Stimulation of distal airspace fluid clearance in guinea pigs involves bumetanide-sensitive ion transport

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This study was undertaken to test the hypothesis that β-adrenoceptor stimulation of fetal lung fluid absorption in near-term guinea pig fetuses involves bumetanide-sensitive ion transport.

Study design

Fetuses were obtained from timed-pregnant guinea pigs at 61 to 69 days' gestation with and without oxytocin-induced preterm labor. The fetuses were placed on continuous positive airway pressure oxygenation, and an isosmolar 5% albumin solution was instilled into the lungs. Distal airspace fluid clearance was measured over 1 hour from the increase in distal airspace protein concentration as fluid was reabsorbed with and without the Cl− transport inhibitor bumetanide.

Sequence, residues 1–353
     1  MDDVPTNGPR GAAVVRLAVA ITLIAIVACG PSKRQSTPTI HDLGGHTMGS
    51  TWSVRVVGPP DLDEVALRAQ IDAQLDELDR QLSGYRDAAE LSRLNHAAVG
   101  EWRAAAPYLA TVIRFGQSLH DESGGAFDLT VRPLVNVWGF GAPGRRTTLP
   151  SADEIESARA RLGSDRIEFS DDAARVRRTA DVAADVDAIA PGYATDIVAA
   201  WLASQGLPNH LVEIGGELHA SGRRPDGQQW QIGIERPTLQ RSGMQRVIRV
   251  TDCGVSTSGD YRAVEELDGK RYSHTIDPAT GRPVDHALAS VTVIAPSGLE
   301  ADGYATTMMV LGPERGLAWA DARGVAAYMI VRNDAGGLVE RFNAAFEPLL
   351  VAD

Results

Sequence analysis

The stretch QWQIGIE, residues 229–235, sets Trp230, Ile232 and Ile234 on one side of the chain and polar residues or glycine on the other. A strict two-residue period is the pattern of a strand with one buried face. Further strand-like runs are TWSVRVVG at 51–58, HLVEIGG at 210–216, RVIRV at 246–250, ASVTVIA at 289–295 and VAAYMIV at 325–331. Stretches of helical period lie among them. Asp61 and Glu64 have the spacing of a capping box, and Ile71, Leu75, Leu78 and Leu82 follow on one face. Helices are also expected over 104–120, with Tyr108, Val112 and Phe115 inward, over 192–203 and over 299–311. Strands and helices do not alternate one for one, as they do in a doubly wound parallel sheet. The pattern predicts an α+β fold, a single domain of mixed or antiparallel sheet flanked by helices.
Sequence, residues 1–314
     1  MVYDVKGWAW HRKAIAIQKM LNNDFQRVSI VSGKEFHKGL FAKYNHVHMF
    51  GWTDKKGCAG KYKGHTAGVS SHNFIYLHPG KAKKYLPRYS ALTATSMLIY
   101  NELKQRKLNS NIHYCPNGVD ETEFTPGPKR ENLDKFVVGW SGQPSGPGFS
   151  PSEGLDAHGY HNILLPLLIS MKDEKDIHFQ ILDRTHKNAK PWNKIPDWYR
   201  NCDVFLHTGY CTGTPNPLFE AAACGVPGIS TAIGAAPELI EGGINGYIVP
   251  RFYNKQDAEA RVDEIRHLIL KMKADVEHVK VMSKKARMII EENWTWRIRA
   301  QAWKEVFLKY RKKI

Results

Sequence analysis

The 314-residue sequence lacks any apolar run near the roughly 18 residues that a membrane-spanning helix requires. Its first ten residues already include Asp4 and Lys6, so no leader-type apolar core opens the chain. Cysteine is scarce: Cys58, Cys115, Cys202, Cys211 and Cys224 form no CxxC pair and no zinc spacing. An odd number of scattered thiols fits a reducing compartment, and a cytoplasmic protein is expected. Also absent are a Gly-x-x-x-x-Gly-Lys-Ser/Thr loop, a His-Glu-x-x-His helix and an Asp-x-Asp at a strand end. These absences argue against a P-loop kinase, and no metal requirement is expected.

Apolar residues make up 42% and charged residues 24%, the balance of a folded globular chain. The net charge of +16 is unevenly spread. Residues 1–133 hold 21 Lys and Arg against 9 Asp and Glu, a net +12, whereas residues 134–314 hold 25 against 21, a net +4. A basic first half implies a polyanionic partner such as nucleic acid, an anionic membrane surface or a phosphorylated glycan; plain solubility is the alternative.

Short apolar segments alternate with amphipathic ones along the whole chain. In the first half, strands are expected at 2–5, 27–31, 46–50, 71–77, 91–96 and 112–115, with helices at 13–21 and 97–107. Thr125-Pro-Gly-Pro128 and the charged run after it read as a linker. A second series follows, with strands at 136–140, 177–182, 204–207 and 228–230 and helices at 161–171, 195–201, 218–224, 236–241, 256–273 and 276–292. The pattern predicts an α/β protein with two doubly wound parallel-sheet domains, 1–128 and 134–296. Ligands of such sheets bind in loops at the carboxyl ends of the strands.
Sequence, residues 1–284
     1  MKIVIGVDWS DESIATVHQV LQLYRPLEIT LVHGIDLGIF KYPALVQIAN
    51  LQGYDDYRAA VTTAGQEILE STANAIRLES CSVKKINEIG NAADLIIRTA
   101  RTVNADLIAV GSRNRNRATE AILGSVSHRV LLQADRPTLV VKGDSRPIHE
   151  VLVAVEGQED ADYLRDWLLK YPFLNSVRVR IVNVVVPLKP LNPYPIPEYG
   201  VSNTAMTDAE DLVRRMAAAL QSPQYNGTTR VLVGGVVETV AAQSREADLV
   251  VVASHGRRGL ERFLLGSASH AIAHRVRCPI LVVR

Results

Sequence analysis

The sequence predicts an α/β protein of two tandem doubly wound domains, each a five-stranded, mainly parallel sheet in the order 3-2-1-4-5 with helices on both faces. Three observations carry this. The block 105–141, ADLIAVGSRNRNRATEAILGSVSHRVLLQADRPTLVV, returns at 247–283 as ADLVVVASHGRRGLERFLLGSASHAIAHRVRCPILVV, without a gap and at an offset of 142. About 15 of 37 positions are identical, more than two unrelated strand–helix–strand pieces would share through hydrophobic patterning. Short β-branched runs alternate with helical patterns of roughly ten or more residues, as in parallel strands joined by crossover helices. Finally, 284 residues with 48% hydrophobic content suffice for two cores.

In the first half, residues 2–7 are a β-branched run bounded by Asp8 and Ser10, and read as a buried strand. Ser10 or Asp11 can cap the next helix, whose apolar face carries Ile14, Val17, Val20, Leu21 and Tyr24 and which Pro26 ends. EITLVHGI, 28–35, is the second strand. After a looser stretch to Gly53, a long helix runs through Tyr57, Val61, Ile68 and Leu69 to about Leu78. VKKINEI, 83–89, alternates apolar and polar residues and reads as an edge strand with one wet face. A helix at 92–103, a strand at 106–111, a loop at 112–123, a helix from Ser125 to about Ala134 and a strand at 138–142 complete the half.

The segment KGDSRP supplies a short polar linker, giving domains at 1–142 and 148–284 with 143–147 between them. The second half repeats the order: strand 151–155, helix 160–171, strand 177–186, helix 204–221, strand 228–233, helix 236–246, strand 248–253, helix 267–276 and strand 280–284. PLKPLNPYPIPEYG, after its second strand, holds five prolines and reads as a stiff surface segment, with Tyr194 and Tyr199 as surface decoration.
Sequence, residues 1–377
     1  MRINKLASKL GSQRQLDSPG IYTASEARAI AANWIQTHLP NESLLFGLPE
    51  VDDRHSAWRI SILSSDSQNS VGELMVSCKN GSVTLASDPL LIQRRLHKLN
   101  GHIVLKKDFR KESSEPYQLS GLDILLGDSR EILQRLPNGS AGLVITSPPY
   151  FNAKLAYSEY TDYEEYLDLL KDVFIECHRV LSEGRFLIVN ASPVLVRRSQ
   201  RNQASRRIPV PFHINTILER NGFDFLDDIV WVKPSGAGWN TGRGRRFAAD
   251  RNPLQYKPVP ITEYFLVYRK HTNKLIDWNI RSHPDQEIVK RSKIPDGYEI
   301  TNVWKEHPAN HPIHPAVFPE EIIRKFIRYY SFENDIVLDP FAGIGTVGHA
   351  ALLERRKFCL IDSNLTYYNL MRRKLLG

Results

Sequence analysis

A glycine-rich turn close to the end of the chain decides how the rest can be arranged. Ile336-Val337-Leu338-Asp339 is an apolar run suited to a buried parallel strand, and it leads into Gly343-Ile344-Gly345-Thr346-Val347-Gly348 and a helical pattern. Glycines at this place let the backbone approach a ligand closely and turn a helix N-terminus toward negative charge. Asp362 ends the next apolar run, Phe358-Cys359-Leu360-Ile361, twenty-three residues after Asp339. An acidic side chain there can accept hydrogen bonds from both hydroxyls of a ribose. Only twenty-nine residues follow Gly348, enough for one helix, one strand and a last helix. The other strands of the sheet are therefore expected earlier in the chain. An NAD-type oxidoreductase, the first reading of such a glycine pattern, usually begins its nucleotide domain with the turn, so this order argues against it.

Fetal lungs began to absorb distal airspace fluid at 64 to 66 days' gestation, and at birth, distal airspace fluid clearance rapidly quadrupled. Labor induction by oxytocin stimulated distal airspace fluid clearance. Distal airspace fluid clearance, when present, was sensitive to propranolol-inhibition and depended on β-adrenoceptor stimulation. Fluid secretion at 61 days' gestation was reduced by bumetanide instillation. Bumetanide addition was only inhibitory when distal airspace fluid clearance was propranolol-sensitive.


β-adrenoceptor stimulation from endogenous fetal epinephrine increased fetal distal airspace fluid clearance and involved bumetanide-sensitive ion transport.

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